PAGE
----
I'm getting ready to shoot a test roll of Pro8mm Daylight balanced ASA 500 film in this camera and I have a question about the manual exposure control.

 

When I look through the lens I can see the aperture numbers changing as I turn the wheel, but the numbers inside the viewfinder don't actually start progressing until the exposure wheel is almost halfway turned. Is this normal for this camera or should I assume that when the wheel is halfway turned it's actually halfway between the aperture spectrum as well. As it is now, at the halfway mark my camera is showing an aperture of around 2.8. 

 

I just want to make sure I am getting close with exposure. 

I honestly can't remember without checking the camera myself, and I can't do that as I don't have the camera anymore (it died). They only way to tell will be to shoot your test roll! You probably already know, but 500D will be overexposed by 2.25 f-stops by the camera with the filter switch set to "bulb". You will need to take your reading using the auto aperture and then compensate by dialling down at least 2 f-stops. Hope this helps.


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#17 David Cunningham

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Posted 21 February 2013 - 09:36 PM

I honestly can't remember without checking the camera myself, and I can't do that as I don't have the camera anymore (it died). They only way to tell will be to shoot your test roll! You probably already know, but 500D will be overexposed by 2.25 f-stops by the camera with the filter switch set to "bulb". You will need to take your reading using the auto aperture and then compensate by dialling down at least 2 f-stops. Hope this helps.

 

I was going to post that over exposing negative isn't a bad idea anyhow...

 

 But, I just looked up the Pro8mm specs on that Fuji 500D and they rate it at only 6 stops of latitude!  So, being off by 2-3 stops might be pretty significant, especially outdoors in high contrast shadows and brights, etc.  The Fuji F-64D is also rated for 6 stops and I can tell you I mistakenly over exposed portions of a 16mm roll of it by about 3 stops and the results were DRASTIC!  The bright highlights and whites were completely blown out.  I've over exposed 500T outdoors by 2 full stops (including the 85 filter) and still had execellent results.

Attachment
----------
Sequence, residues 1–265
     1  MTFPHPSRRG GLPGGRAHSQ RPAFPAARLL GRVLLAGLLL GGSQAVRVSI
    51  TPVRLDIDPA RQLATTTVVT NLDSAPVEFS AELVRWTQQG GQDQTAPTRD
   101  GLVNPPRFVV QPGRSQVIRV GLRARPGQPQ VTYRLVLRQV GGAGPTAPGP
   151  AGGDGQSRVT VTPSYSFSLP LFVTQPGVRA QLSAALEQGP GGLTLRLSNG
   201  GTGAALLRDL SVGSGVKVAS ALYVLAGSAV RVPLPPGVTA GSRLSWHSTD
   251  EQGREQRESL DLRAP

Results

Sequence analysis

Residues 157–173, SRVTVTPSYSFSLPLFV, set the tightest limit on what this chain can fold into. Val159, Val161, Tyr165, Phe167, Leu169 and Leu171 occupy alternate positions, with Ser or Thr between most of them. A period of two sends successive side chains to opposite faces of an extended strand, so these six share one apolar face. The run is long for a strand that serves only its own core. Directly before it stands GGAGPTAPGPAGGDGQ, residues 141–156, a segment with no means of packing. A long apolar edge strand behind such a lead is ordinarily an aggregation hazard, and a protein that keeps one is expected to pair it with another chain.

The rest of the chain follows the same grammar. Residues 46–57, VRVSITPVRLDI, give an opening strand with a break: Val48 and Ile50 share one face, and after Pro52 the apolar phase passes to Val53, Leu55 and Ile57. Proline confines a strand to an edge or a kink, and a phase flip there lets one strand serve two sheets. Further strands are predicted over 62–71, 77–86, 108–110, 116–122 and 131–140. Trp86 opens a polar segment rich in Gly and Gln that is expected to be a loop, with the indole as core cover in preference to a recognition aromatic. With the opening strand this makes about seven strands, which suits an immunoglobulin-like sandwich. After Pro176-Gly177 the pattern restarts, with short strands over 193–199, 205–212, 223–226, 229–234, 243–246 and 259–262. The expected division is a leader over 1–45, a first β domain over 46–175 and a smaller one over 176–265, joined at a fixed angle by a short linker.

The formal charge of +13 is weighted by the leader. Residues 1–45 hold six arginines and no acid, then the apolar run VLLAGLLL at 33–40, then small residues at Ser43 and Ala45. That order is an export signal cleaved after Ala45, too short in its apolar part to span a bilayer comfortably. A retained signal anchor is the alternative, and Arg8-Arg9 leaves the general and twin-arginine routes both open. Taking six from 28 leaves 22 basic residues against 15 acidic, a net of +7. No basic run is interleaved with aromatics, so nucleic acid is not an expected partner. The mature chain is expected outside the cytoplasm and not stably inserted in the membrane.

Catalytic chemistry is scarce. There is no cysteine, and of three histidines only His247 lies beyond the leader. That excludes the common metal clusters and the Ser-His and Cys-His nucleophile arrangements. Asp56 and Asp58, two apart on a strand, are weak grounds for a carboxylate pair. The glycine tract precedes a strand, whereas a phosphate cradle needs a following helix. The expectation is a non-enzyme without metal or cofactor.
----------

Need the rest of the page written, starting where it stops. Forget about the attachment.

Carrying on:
If you have an iPhone or Android device that can use a light meter app, get a base reading with that to compare to your built-in meter.  Don't forget to account for about 1/3 of a stop for the prism.  I found that the Elmo in question has a very wide 220 shutter, so assume about 1/40 shutter speed at 24 FPS.  Not sure if you will find a light meter that will let you set that speed, so that may be an issue.

 

thoughts?


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#18 Chris Burke

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Posted 22 February 2013 - 08:49 AM

with a spot meter and grey card in full even light, I would use the meter to find exposure for 100 asa, cause that is where the camera meters it. set the spot meter to 1/30.this will give you a standard,  then use the camera in full auto, metering the same grey card in the same light. this will show you how the camera deals with that stock. in other words, how accurate the meter in the camera is.

 I can't find it right now, but I did shoot a roll of 500d from Pro8mm on a 220 degree shutter camera in full auto, on a bright sunny day in and out of shade. It was fine. during the transfer, they were able to hold the highlights. shadows were very bright, but that was good, because I could add contrast. don't know your situation, but you might have to really control highlights if shooting in full sun. you might be at ƒ64. most cameras don't go that high, even at 100 asa, you will need to add almost 3 stops. ND or linear polarizer will help a lot.


Edited by Chris Burke, 22 February 2013 - 08:52 AM.

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#19 Patrick Cooper

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Posted 23 March 2013 - 11:37 PM

Although you don't need an 85 filter when shooting the 100D stock outside, it wouldn't be a bad idea to use a neutral density filter, especially if it's a sunny day. When I first attemped to shoot 100D by the beach on a sunny day, I couldn't get an acceptable exposure at all. According to my camera's internal meter, my footage would turn out overexposed, even if I shot at f32!

 

However, if you're shooting on an overcast day or in the shade, you might be okay without an ND filter.


Edited by Patrick Cooper, 23 March 2013 - 11:38 PM.